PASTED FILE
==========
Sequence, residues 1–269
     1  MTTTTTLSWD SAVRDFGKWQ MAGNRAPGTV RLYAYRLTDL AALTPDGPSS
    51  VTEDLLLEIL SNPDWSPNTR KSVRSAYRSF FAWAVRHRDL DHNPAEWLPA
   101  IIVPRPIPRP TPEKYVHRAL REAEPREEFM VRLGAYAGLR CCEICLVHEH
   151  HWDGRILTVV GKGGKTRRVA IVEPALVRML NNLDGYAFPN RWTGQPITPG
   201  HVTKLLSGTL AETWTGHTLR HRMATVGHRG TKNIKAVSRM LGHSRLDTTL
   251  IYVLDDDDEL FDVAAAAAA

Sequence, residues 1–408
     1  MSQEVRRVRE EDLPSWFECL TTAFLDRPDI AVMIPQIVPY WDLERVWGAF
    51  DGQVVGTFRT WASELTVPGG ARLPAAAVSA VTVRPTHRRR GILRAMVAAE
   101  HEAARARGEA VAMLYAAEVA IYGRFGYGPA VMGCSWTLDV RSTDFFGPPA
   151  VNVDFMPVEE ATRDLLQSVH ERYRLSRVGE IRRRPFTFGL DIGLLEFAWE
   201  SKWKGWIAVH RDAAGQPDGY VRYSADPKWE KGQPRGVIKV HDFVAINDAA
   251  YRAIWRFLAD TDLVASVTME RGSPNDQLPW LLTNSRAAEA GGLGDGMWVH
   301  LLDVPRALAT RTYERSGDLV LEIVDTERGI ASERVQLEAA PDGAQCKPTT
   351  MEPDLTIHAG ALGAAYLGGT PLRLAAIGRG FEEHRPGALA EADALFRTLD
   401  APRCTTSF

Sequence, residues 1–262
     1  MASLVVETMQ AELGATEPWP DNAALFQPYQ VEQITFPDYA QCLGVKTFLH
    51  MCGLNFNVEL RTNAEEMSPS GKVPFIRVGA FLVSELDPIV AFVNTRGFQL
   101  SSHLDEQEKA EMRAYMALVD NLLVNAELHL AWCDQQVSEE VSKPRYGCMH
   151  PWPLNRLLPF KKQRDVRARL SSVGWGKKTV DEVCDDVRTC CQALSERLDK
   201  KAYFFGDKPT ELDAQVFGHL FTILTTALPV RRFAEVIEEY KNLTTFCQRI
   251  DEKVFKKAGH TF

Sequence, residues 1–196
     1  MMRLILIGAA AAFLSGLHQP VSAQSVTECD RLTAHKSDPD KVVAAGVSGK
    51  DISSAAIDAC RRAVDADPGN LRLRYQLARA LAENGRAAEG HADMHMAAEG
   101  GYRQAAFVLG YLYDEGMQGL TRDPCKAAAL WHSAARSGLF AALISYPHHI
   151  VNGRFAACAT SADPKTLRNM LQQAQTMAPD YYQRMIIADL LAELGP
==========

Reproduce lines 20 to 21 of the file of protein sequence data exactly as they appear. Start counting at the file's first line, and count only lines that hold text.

    51  MCGLNFNVEL RTNAEEMSPS GKVPFIRVGA FLVSELDPIV AFVNTRGFQL
   101  SSHLDEQEKA EMRAYMALVD NLLVNAELHL AWCDQQVSEE VSKPRYGCMH